June 2013
Volume 54, Issue 15
ARVO Annual Meeting Abstract  |   June 2013
Retinal function: Assessing seasonal lighting environment on physiology
Author Affiliations & Notes
  • Chad Jackson
    Biological Sciences, Vanderbilt University, Nashville, TN
  • Megan Capozzi
    Department of Molecular Physiology and Biophysics, Vanderbilt University, Nashville, TN
  • Douglas McMahon
    Biological Sciences, Vanderbilt University, Nashville, TN
  • Footnotes
    Commercial Relationships Chad Jackson, None; Megan Capozzi, None; Douglas McMahon, None
  • Footnotes
    Support None
Investigative Ophthalmology & Visual Science June 2013, Vol.54, 406. doi:
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      Chad Jackson, Megan Capozzi, Douglas McMahon; Retinal function: Assessing seasonal lighting environment on physiology. Invest. Ophthalmol. Vis. Sci. 2013;54(15):406.

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      © ARVO (1962-2015); The Authors (2016-present)

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Purpose: Retinal adaptation is required for visual function over a wide range of light intensities. Retinal dopamine and the circadian clock have been shown to play active parts in light adaptation; both of which are directly influenced by light stimulation. However, it is unclear if changes in lighting environment (developmental or immediate) have enduring effects on retinal dopaminergic or circadian systems. Therefore, we tested whether mice reared on short or long photoperiods display altered retinal physiology as compared to mice reared on equinox light cycles.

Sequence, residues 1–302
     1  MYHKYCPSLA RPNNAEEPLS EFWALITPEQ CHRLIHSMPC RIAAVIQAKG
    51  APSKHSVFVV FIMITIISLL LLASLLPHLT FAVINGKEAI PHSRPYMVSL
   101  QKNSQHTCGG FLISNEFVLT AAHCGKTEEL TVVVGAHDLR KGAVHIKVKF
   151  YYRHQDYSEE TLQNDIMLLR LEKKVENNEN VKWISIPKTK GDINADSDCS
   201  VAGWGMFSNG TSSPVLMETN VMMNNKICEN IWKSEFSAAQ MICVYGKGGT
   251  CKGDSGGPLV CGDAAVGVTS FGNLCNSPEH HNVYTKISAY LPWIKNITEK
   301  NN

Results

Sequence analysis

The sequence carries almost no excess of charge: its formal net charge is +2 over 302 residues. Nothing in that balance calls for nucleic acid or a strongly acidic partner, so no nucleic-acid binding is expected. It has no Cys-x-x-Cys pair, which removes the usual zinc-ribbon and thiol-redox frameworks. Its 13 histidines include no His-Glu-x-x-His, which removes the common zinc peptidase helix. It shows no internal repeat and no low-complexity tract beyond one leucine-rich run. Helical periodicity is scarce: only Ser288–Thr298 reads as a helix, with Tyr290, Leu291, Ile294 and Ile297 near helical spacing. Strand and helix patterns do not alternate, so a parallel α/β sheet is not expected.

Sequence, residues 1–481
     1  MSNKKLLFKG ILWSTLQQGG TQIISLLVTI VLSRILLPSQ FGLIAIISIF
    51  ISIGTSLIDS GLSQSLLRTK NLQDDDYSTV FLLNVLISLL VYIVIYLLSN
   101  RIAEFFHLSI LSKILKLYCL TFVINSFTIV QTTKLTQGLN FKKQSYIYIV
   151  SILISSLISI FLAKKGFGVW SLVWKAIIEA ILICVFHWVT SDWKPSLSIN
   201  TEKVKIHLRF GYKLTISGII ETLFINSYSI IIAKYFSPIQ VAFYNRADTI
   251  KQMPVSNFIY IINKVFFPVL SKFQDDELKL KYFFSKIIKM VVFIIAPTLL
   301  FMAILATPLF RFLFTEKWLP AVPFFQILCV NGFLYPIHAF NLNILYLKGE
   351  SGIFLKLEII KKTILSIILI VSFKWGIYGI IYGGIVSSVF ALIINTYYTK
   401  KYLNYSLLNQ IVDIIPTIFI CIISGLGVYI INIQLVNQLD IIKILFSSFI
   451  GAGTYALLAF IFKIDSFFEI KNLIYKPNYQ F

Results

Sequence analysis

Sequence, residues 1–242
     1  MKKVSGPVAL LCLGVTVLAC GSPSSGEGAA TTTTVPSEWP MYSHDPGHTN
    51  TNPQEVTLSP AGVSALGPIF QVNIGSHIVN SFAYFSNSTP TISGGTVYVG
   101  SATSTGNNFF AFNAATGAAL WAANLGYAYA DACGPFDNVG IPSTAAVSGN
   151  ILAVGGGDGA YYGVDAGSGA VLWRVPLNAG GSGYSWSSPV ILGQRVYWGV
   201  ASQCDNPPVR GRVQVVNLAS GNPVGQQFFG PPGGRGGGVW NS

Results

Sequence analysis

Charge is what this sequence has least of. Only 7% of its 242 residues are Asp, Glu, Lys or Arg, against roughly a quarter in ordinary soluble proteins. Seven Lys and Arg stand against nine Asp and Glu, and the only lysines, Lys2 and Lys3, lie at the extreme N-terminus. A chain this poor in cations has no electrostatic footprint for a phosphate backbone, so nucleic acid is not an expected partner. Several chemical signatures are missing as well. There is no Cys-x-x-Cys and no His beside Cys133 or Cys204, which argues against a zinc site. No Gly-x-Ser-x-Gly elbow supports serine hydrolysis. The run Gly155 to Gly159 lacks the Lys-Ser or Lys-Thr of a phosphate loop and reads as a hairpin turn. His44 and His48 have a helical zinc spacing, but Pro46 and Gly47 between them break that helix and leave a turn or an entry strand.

Methods: Retinal function: Dark- and light-adapted electroretinogram (ERG) responses, from C57/BL/6 mice reared on a short (8:16 hr), long (16:8hr) or equinox (12:12 hr) photoperiod were recorded following overnight dark-adaption. Subsequently, the photoperiods were switched to an opposing photoperiod for 3 weeks and tested again. Mice were handled under dim red-filtered light, anesthetized with ketamine/xylazine, and placed in a LKC UTAS BigShot ganzfeld. Dopamine levels: Retinal dopamine was measured by HPLC from crude retinal extracts. Retinal circadian rhythms: In Per2Luc knock-in mice, reared on the previously stated photoperiods, we observed whole tissue rhythms by monitoring bioluminescence from the retinal explant cultures measured with a LumiCycle (Actimetrics).

Results: Dark- and light-adapted ERG responses in the short group were significantly affected by photoperiod, as compared to long and equinox groups. When the short day group is switched to the long day lighting cycle there is recovery of the dark-adapted ERG response; however, the deficit in the light-adapted ERG persist. Dopamine content was shown to be decreased in the retinas of short photoperiod mice compared to long photoperiod. Direct dopamine receptor stimulation by injection of dopamine receptor agonists rescued the light-adapted ERG. Lastly, there seems to be overt changes in retinal circadian rhythms as measured by bioluminescent measurements.

Conclusions: We found that prior photoperiod significantly affects dark- and light-adapted retinal function. Also, mice reared on short photoperiods have decreased levels of retinal dopamine and retinal light responses compared to mice reared on long or equinox photoperiods. The persistence of light-adapted ERG deficits following photoperiod reversal suggests enduring effects of developmental photoperiod on retinal function.

Keywords: 690 retina: neurochemistry • 510 electroretinography: non-clinical • 616 neurotransmitters/neurotransmitter systems  

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